by Bret Dawson and
Clive Thompson

The singer's voice is quiet, and full of sorrow.

"For my friend, I have gambled all
And the outcome of my quest is still unknown
The grief and pain will come, I fear,
But now I must be strong
Even though I feel so empty and alone.

"Gone, yet still you fly
My love for you will never die
Memories arise, as the tears fall from my eyes
Enterprise, Enterprise."

One by one, other voices join in, quietly repeating the word until the room echoes with gentle, haunting harmonies.

"Enterprise. Enterprise. Enterprise. Enterprise."

This is "filk" music. The people who play it would probably quibble with this definition, but, at heart, filk is what happens when you fill a room with hard-core Star Trek buffs and acoustic guitars. You get pretty, tuneful folk ballads that just happen to be about spacecraft, Romulan traitors, and the joys of transporting.

Six or seven times a year, filkers from across the continent gather for weekend-long conventions, where they sing, write, jam, and critique each other's material. They also drink, hang out in fancy digs, and have sex with each other.

When we found out there was a conference being held by a local chapter—the United Filkers of Ontario—we just had to get in on the action. So after we spent the morning frantically composing our very own filk tune, we headed uptown to the conference center.

There we met Carolyn, who sings about dragons and her cat while playing her guitar too quietly. And Jodi, a member of a filk group called Urban Tapestry, who hopes someday to make a living writing music in the David Foster tradition. And, of course, Glenn, who brought fifteen tin whistles and still managed to spend most of the evening playing in the wrong key.

There were others: people who sat and listened, people who sang along, and people who just talked—about Tolkien and Roddenberry and the convention circuit. It seemed obvious. This was about escape. An escape from boredom, from suburbia, from parenthood and into an unpredictable world of sci-fi danger and excitement and capital "R" Romance. "These people," Clive whispered, "really hate reality, don't they?"

It was our turn. So we tore into our song, "The Mechanical Bride," (strapRA.gif) with all the drama we could muster. It really is epic, even by filk standards: Captain Kirk loves and loses; Klingons get blown up; Spock gets mad. We were both sure it would be a big hit.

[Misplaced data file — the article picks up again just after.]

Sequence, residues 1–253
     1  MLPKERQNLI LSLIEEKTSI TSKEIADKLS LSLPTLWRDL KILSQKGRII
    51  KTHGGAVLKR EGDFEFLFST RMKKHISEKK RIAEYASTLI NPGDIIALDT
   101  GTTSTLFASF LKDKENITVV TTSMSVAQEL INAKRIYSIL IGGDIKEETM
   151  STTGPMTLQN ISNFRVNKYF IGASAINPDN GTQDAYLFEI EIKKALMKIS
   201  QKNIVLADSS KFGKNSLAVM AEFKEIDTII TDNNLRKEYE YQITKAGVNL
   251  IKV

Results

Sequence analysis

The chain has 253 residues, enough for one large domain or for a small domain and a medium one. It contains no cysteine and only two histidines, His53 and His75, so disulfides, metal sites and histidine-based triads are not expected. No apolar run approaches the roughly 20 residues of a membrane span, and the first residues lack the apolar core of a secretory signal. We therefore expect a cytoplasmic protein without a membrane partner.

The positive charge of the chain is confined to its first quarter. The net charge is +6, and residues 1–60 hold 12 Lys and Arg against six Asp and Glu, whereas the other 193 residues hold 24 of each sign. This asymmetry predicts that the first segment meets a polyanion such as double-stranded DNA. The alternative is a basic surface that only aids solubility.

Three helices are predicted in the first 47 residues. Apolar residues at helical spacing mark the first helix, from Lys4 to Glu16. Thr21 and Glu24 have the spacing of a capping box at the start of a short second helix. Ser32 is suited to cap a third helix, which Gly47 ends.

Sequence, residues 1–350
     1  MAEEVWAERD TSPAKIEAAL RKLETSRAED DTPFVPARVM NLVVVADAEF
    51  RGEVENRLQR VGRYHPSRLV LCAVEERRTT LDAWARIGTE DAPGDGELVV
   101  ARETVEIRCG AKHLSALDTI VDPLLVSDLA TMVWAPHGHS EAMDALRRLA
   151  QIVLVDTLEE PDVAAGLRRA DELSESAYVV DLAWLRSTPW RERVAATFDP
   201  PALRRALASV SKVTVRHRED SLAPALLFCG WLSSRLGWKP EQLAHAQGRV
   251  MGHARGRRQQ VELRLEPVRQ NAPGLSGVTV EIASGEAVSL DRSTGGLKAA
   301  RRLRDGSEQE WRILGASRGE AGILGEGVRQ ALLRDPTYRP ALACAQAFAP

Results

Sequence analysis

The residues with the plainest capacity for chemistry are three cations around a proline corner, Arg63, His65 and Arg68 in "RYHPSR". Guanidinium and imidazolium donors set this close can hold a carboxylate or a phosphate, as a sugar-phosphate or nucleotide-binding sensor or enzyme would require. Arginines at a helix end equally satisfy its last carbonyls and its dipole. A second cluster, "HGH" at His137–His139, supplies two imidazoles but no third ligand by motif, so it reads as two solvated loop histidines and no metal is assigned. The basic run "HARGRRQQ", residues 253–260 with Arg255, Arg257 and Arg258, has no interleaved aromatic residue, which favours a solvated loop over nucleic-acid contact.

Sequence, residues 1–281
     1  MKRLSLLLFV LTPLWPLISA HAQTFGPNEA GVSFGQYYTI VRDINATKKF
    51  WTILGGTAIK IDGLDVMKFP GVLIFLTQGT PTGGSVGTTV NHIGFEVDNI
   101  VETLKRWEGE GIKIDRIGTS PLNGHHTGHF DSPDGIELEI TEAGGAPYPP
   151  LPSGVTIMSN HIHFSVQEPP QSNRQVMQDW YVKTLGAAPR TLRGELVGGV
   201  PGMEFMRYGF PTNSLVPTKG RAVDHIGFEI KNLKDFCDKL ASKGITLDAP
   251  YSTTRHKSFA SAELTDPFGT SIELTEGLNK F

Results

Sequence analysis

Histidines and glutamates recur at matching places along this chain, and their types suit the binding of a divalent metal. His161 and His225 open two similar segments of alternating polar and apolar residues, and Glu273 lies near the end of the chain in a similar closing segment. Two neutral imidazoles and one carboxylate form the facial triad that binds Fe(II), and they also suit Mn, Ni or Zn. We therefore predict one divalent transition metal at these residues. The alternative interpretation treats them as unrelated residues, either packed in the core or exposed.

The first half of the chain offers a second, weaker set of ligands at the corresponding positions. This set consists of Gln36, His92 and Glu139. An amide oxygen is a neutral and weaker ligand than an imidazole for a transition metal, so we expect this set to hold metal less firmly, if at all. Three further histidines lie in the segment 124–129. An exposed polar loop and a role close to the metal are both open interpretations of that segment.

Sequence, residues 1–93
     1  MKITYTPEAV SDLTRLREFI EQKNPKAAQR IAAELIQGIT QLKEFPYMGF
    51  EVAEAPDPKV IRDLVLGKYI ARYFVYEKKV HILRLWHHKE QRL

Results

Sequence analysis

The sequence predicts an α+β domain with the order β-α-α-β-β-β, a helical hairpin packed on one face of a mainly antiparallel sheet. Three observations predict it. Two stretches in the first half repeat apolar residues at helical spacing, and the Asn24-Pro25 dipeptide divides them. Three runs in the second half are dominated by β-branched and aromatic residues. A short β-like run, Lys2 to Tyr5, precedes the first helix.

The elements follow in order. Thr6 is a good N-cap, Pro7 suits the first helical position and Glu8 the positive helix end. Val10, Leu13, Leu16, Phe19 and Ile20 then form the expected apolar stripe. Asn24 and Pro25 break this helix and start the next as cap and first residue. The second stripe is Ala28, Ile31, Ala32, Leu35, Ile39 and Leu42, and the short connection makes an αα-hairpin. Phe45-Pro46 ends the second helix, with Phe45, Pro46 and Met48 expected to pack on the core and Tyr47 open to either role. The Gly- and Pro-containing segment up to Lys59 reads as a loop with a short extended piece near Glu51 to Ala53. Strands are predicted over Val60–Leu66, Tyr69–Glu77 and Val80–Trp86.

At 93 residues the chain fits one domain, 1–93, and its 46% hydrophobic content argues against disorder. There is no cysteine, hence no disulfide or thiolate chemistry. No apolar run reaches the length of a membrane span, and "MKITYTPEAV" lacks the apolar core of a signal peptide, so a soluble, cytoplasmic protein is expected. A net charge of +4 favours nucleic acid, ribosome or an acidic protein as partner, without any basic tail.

Nope. When we finished, only a smattering of polite applause disturbed the ringing silence. Dave offered some flaccid encouragement: "Um, that was really...original. Good going, guys." We were soon forgotten, as Jodi launched into a perky number about Bones and the crowd went wild. Evidently, we'd flopped.

However, we had one last chance: from about 11:00 p.m. until way past dawn, there was "open" filking. The rules were simple: if you got the room's attention, you got to play. So why, we asked ourselves, not give it another try?

At about 2:30 in the morning, we were nearly ready to give up. For some obscure reason, these filking lunatics refused to acknowledge our existence. Bret attempted to break through the nonstop stream of filk by piping up with lively banter after each song, hoping to attract attention. "You know," he said, as Carolyn finished a song about filk addiction, "that reminds me of a tune we worked out here...."

It was useless. Graham from Winnipeg had already started a new tune: something about a filk wedding. Everyone seemed to know Graham, a seasoned filk conference attendee, and indeed everyone knew the lyrics to the song—hell, they were singing along!

Finally, we began to guess why we were being ignored. "You can't just walk in here and do this," Bret whispered. "You have to be a member. You have to live it."

And they do. As the night wore on, and the filkers got more and more caffeine-addled, the songs got more wistful and, strangely, more personal. When Decadent Dave sang, his rich baritone trembled with more emotion than it had all night. Then Judith led the crowd of about forty people in what she called the Filker's Hymn, a song called "Hope Eyrie". And when Don from New York sang, everything suddenly became clear: filk music is a religion. A tiny, scattered community of believers meeting in basements once a month, giving the outside world no clue that it even exists. They sing hymns to the future, to technology, to space travel, and to those of their descendants who'll reach the stars.   </end>

Filk musician drawing by Greg

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